We identified 17 survey instruments that assess the effect of respondents' health problems on absenteeism or presenteeism (Table). One instrument, the Stanford Presenteeism Scale, exclusively addresses presenteeism, but it is commonly combined with questions on absenteeism. The instruments vary substantially in length (range, 3-44 questions) and scope. Some address only specific conditions, some address a range of conditions, and others address all conditions. We identified several methods for estimating the cost of lost work time. The challenges involved in measuring presenteeism and its costs are far greater than those involved in measuring absenteeism because reduced performance on the job is less tangible than absence. Therefore, most of the findings we report herein pertain to measuring presenteeism.
Absenteeism is measured by asking respondents how much time they missed from work because of ill health. The recall periods range from 1 week to 3 months. Because such self-reported data have been found to be reliable and valid when the recall periods are short (ie, 1-2 weeks), they can serve as a reasonable substitute for lost time data, which most companies do not routinely collect.23 Results derived based on longer recall periods should be viewed with caution.
Measuring presenteeism is complex. Some attempts have been made to measure presenteeism directly (eg, by telephone call volume per employee in a call center).19 However, generating objective data for other types of work would require developing methods to suit the particular characteristics of a given firm, workplace, and profession or job description and collecting data on a regular basis. Furthermore, developing such methods for knowledge-based occupations might be impossible because such workers often produce no easily quantifiable output.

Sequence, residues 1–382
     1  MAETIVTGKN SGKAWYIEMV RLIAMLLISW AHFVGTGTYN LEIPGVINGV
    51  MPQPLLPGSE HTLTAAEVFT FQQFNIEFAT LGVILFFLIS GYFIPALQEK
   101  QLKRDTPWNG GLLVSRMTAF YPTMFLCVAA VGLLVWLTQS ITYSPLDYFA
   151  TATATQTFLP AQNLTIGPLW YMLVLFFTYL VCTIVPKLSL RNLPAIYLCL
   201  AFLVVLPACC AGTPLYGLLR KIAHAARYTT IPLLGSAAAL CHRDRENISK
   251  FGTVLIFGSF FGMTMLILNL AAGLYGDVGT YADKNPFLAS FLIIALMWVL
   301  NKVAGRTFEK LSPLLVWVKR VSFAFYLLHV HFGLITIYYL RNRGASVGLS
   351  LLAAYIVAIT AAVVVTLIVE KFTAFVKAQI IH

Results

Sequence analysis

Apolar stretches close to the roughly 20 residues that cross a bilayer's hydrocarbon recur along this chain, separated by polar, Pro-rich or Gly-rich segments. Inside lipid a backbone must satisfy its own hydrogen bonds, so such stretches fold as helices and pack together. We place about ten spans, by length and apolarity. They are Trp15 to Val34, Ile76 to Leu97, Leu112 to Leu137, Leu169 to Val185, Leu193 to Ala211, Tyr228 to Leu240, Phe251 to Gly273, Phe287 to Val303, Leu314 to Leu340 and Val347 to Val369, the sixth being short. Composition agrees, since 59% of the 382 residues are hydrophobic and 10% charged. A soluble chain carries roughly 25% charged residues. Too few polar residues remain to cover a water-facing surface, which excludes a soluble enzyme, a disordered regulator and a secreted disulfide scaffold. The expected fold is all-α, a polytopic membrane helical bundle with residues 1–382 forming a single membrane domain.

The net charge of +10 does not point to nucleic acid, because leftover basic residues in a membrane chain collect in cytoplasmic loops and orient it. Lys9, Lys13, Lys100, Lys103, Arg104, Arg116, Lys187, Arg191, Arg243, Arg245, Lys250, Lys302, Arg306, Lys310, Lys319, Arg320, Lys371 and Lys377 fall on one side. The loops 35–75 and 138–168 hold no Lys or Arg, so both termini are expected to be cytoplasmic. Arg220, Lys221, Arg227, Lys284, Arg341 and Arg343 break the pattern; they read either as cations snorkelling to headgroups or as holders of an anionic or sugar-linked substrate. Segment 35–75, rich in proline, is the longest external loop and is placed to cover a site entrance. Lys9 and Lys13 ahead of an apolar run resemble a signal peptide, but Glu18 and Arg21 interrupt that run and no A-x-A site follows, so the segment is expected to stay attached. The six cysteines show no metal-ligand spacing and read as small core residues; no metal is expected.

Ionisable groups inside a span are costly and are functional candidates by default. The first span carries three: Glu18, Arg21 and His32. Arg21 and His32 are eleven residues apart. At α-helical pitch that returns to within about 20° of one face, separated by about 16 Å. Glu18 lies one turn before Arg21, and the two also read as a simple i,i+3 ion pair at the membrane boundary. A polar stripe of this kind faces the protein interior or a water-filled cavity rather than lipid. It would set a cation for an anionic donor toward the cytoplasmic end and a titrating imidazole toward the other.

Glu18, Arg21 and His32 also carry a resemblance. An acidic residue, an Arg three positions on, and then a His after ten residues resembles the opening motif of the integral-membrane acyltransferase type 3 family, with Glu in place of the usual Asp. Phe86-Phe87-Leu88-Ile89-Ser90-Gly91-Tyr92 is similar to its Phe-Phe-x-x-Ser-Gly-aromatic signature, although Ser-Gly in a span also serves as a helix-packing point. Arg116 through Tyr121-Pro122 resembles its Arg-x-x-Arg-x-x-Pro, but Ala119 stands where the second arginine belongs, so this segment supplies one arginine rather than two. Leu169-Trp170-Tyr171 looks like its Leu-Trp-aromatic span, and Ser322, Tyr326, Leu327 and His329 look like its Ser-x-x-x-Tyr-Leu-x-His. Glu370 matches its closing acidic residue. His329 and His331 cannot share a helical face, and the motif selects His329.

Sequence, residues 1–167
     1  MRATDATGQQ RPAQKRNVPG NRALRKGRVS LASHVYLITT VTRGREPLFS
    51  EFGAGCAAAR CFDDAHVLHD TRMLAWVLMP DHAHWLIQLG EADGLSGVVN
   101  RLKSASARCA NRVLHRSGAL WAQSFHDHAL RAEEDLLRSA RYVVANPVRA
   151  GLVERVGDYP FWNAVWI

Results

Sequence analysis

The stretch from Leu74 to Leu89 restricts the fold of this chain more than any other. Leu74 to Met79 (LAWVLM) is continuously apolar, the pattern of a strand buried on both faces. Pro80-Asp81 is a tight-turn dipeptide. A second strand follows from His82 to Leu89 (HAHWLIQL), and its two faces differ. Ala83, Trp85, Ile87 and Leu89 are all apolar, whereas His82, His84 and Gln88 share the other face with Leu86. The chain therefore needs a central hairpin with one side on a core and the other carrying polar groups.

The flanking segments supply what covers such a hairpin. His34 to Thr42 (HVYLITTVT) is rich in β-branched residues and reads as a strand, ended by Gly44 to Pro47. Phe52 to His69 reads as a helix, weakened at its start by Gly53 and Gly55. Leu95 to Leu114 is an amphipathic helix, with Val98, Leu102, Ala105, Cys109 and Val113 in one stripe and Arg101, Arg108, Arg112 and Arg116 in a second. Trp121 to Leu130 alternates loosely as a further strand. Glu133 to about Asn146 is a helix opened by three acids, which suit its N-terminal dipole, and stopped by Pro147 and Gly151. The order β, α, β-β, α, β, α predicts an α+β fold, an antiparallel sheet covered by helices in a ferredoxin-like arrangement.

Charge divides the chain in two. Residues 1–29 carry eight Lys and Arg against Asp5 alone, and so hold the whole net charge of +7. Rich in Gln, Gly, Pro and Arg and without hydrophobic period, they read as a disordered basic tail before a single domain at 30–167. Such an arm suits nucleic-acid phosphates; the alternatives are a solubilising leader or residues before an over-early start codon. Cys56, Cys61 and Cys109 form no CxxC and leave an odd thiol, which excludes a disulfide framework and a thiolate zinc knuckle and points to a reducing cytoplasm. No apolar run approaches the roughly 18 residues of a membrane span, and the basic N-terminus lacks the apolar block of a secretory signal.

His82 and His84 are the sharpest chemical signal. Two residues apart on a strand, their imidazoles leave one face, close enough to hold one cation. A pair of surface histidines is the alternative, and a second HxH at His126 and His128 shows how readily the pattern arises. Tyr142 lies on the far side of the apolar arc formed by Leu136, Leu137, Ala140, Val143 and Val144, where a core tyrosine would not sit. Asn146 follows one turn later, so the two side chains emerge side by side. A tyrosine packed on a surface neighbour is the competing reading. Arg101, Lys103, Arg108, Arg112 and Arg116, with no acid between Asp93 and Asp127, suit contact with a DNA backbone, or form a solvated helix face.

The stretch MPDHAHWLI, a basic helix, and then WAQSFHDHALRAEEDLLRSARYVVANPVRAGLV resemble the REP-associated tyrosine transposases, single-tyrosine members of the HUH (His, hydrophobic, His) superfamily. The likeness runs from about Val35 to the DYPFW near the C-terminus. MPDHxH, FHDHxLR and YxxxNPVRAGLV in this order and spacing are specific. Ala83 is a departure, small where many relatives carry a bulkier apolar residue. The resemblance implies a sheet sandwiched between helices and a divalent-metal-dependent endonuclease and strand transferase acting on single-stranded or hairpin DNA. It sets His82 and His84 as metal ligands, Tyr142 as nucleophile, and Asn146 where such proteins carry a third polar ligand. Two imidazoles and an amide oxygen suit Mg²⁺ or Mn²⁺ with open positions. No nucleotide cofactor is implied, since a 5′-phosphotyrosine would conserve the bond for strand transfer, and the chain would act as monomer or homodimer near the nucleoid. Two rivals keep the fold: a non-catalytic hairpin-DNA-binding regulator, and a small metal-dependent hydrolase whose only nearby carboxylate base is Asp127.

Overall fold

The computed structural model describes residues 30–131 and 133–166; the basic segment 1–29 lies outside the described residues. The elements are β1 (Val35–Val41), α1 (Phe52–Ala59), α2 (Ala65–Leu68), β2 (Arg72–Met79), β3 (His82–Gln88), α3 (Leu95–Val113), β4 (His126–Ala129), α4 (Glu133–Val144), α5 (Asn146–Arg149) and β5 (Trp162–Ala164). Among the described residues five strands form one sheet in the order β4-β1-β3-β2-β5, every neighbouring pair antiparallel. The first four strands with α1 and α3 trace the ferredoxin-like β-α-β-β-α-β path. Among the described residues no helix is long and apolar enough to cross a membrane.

To overcome these obstacles, researchers have developed instruments that can be applied to various professions and employers.24,25 These instruments focus on the following 3 modes of conceiving presenteeism: (1) assessment of perceived impairment, (2) comparative productivity, performance, and efficiency (with those of others and with one's norm), and (3) estimation of unproductive time while at work.
Assessment of Perceived Impairment. The most common approach to measuring presenteeism is assessment of perceived impairment, accomplished by asking employees how much their illnesses hinder them in performing common mental, physical, and interpersonal activities and in meeting job demands. Tools that use this approach include the Health and Productivity Questionnaire, Health and Work Questionnaire, Stanford Presenteeism Scale, Work Limitations Questionnaire, and Work Productivity and Activity Impairment Questionnaire.
Questions about perceived impairment can range from the general to the specific. The following example of a general question is found in the Stanford Presenteeism Scale: "Despite having my [health problem], I felt energetic enough to complete all my work," to which the employee is invited to respond using a 5-point scale of responses ranging from "strongly disagree" to "strongly agree." An example of a specific question in the Work Limitations Questionnaire requires a respondent to rank on a 5-point scale the difficulty he or she had in using the "upper body to operate tools or equipment."